It’s getting on Valentines Day and I miss Fred Segal. While I’m not a fashionista, much of a shopper, or even a lover of bastions of the rich and stylish, it was my go-to place for valentines and everything else too. Fred Segal was two-and-a-half blocks from my psychotherapist office, five blocks from the ocean, and three blocks from the movie theatres. Talk about location, location, location!
There’s still the Fred Segal annex across the street, with the healthy restaurant and some three-hundred-dollar t-shirts and jeans that costs even more, but the real Fred Segal was across the street, and it’s been gone since the summer. The owners of the property sold the land and sold out all the small merchants who had boutiques in the cool and whacky bazaar in Santa Monica that was unlike any store I’ve ever been to. The storeowners had exactly one month’s notice.
Not that one couldn’t find the same overpriced stuff – and more of it – at Barney’s or Neiman Marcus. But Fred Segal was a strange and wonderful place that had, among other things, the best women’s pajamas, the best women’s hats and scarves, and the nicest men’s shirts – and the best sale that went on for days where you could always find the aforementioned stuff at 75% off if you waited long enough and were just a little bit lucky.
My husband knew I liked Fred Segal, and every birthday there it would be – the familiar box from Fred Segal containing nearly the same nightgown that was too big in the bust and skintight everywhere else. I’m rather thin and I have no idea who could fit into the nightgowns he’d bring home and smilingly present other than a life-size Barbie doll. Still I will miss the yearly ritual of taking Barbie’s nightgown back and getting a fresh new pair of Fred Segal pj’s.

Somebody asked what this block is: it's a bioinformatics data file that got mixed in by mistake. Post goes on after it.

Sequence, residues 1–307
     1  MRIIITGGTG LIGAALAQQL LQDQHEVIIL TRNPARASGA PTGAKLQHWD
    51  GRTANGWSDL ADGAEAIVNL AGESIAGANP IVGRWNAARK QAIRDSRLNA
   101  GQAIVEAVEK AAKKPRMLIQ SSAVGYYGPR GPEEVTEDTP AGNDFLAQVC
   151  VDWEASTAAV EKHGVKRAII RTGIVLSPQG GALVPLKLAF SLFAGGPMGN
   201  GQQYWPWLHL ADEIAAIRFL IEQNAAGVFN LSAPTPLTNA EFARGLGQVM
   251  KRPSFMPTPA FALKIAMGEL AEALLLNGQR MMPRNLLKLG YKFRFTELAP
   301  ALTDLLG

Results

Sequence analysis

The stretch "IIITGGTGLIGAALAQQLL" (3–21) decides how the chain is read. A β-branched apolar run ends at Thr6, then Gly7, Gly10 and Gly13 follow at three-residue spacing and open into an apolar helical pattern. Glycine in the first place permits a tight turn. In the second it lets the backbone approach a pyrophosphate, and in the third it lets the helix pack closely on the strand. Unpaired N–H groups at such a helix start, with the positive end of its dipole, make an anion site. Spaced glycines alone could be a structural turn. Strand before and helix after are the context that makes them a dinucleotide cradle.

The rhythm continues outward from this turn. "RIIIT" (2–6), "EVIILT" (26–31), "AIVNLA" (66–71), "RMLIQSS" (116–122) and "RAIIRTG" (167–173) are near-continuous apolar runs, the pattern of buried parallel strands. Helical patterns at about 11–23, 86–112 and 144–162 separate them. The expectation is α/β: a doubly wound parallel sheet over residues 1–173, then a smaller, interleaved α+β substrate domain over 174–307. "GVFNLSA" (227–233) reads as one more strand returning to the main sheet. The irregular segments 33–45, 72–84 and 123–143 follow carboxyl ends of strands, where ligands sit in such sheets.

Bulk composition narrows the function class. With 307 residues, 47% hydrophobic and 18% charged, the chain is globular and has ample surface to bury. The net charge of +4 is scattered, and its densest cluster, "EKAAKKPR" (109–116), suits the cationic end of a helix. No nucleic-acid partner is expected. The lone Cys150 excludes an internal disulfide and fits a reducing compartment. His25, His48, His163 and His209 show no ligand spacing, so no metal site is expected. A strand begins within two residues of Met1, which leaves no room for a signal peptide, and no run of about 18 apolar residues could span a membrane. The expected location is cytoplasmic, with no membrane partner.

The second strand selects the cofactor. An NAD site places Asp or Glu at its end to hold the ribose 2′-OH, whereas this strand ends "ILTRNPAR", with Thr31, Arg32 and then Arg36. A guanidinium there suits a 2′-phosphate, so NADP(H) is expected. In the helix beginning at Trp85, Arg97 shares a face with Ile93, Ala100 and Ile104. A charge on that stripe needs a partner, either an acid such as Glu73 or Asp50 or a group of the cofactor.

The Fred Segal annex as I mentioned is still there. I bought a birthday present there a couple of months ago and got a vegetable juice on the way out. But it is by no means what it used to be.
My friend Lisa when she would come to town would always say, “let’s go to George Segal.” And we would.
It had eyeglasses, lingerie, men’s stuff, girlie girl stuff, necklaces, earrings and you could always go and get a makeover from one of the cosmetic people. I used to plop myself on one of the stools and say, “OK, do me over and sell me a bunch of crap. Are you sure your brushes are clean?” They’d reassure me, and a half an hour later, I’d be a different person, or so I thought.
Now, it’s shuttered up, they are going to tear the place down and put in another Trader Joe’s and a parking garage. Probably a Whole Foods too.
What’s the world coming to? Everything is starting to look exactly the same. And Fred Segal, that quirky place with eccentricities, is now like so many other things. Just a fond memory.